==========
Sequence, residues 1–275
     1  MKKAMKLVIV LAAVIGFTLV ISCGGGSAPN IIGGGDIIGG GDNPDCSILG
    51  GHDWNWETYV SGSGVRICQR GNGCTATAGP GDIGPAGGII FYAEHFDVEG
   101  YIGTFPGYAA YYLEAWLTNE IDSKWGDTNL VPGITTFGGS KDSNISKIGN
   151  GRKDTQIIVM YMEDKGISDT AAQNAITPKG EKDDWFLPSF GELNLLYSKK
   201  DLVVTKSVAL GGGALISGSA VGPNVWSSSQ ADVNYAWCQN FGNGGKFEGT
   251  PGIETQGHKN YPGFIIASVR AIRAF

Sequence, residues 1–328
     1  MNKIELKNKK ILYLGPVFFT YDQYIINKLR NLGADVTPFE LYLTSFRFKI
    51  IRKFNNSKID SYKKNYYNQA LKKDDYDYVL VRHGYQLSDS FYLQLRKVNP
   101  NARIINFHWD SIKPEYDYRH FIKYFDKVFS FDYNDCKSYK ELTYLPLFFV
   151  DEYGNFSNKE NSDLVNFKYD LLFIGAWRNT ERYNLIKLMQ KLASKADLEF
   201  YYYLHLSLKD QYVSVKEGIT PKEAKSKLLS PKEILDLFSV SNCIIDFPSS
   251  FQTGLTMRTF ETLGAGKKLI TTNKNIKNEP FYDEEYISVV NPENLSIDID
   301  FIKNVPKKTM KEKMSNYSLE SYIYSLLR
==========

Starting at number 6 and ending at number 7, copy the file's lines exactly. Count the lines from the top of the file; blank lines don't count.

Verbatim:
   201  DLVVTKSVAL GGGALISGSA VGPNVWSSSQ ADVNYAWCQN FGNGGKFEGT
   251  PGIETQGHKN YPGFIIASVR AIRAF